Doctors don't usually prescribe Viagra or Cialis (Tadalafil) for ED; until they've done a full-examination, and tested for diabetes and other physiological-disorders that may attribute to the inability to achieve or maintain a full-erection. Some who aren't particularly "ethical" may prescribe it for the asking. Without determining the actual cause of ED, or reaching a medical diagnosis by process of elimination. I hope you didn't order Viagra it on the internet! They could put one real pill in the bottle and the rest are fake!

Not totally ruling-out the possibility of him being gay. Let that be the last thing you conclude.

Did you ever kiss and make-out during your brief courtship? What do you call "initiating getting physical?"

Going as long as he has without actually having sex will no doubt lower his sex-drive. He may have extremely low testosterone levels. You've left-out so much in your post, it is very difficult to even make an educated-guess.

Has he only seen a general practitioner, or a specialist? He should see an endocrinologist or urologist. I don't think you should conclude he's gay; until you've ruled-out all the psychological or physiological possibilities.

You should exhaust all the other possibilities before jumping to conclusions. See one of the specialist I mentioned above. There may still be an underlying health-reason that has gone undiagnosed.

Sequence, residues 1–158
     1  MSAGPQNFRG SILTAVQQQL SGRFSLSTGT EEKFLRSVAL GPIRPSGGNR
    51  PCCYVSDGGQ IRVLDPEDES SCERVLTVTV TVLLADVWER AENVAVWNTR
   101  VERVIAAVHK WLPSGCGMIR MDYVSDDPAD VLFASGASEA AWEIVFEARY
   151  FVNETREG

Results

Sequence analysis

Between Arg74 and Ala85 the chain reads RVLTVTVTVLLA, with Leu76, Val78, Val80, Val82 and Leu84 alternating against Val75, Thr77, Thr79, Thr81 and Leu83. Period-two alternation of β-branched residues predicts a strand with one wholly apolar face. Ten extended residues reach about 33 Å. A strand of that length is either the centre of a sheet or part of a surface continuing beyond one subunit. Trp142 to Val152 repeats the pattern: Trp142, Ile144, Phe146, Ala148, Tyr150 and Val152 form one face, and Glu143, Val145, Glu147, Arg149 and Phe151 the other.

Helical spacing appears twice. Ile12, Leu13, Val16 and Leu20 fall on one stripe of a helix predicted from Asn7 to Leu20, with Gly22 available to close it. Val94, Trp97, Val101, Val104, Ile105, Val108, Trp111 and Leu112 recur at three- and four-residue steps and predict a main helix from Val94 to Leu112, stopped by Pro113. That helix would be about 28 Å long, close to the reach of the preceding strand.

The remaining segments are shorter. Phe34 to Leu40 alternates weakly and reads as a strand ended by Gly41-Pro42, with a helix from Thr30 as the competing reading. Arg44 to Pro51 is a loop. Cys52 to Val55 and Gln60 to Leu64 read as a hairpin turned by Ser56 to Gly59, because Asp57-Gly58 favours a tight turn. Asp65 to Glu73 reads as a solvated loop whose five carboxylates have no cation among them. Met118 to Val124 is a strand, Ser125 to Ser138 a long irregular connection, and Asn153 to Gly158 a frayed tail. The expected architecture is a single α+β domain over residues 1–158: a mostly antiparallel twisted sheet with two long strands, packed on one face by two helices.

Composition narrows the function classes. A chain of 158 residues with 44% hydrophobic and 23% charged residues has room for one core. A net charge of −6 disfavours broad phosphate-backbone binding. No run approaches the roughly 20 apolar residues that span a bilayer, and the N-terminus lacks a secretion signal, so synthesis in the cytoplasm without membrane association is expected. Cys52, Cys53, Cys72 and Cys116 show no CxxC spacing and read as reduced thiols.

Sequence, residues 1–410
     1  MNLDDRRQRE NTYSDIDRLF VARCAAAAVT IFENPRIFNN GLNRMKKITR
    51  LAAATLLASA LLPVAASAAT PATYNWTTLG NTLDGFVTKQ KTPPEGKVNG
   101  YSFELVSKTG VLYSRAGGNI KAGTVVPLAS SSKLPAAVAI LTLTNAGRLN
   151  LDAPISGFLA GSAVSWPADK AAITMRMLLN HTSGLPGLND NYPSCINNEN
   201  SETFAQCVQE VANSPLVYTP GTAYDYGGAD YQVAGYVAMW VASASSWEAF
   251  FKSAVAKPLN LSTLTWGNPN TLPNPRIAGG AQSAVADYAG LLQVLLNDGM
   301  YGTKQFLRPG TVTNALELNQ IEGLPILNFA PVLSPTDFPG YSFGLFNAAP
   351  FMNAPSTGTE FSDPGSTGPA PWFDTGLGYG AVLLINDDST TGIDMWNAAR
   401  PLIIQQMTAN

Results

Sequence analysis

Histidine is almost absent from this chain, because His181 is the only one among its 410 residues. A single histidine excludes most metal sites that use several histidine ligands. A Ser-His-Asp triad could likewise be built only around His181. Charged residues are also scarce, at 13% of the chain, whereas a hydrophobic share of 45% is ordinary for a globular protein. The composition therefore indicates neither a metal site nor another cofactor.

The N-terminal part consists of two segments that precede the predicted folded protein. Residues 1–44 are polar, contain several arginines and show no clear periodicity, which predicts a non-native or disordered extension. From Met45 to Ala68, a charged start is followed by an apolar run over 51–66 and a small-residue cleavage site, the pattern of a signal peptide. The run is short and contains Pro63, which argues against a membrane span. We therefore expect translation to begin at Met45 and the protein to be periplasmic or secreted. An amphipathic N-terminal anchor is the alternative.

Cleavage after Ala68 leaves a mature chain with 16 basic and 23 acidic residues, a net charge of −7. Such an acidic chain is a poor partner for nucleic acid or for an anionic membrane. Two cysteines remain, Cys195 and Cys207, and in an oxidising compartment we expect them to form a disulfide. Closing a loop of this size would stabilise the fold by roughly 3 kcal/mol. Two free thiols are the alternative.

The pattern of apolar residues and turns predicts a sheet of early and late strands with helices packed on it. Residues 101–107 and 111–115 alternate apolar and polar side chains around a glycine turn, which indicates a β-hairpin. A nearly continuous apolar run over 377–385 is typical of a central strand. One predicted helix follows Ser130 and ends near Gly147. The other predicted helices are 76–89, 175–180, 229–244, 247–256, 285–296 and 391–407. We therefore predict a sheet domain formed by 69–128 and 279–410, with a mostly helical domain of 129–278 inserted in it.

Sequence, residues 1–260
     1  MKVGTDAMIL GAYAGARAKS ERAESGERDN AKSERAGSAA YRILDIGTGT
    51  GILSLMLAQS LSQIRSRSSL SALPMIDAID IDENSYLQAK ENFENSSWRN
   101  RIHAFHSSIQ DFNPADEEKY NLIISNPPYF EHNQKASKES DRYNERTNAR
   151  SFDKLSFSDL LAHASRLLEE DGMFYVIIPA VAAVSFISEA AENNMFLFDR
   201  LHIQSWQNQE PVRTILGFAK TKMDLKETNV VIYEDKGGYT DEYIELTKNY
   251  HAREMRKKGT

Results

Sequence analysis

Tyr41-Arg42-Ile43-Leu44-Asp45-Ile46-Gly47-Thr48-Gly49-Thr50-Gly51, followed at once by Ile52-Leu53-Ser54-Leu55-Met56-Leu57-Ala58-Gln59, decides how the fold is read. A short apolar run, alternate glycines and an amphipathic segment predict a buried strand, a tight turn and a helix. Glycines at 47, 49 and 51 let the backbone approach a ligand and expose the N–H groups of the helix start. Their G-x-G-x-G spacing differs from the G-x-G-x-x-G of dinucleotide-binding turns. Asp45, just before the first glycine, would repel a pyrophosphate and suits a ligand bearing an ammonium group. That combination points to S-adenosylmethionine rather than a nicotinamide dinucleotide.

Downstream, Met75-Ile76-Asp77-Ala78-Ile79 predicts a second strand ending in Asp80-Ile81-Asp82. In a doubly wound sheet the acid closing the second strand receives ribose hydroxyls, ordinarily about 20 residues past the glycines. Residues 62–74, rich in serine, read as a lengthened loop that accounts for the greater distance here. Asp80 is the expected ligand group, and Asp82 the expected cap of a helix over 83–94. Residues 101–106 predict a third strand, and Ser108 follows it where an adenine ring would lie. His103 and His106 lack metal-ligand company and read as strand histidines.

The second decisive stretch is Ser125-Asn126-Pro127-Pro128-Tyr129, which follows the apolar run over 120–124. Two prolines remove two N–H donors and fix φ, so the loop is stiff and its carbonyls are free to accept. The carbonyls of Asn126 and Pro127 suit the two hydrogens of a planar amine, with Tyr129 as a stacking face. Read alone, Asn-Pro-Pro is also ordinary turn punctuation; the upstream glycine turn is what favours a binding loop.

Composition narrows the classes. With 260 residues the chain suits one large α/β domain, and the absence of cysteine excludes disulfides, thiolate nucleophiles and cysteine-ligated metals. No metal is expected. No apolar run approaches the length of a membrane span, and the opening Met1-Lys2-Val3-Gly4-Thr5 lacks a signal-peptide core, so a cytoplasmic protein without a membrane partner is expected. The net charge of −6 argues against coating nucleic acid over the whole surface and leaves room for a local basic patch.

Sometimes people are a product of a very strict religious-upbringing/brainwashing. I'm Christian, and I have no issues with abstinence or worship. I'm simply suggesting that there are fanatical or fundamentalist religious-sects that are so fervent about premarital-sex or promiscuity; that people can break under their very relentless and unyielding rules. Forgetting the fact that God's mercy is endless and everlasting. They condemn you to hell on the spot. Never-mind God's judgement!

Some churches or organized-religions go far beyond what was ever written in the scriptures. You have zealots that are almost lethal! People get carried-away and they go overboard! Not in obedience to the law of the Bible, or their chosen religious-doctrine; but due to crazy interpretations that try to out-do God Himself! Piety on steroids!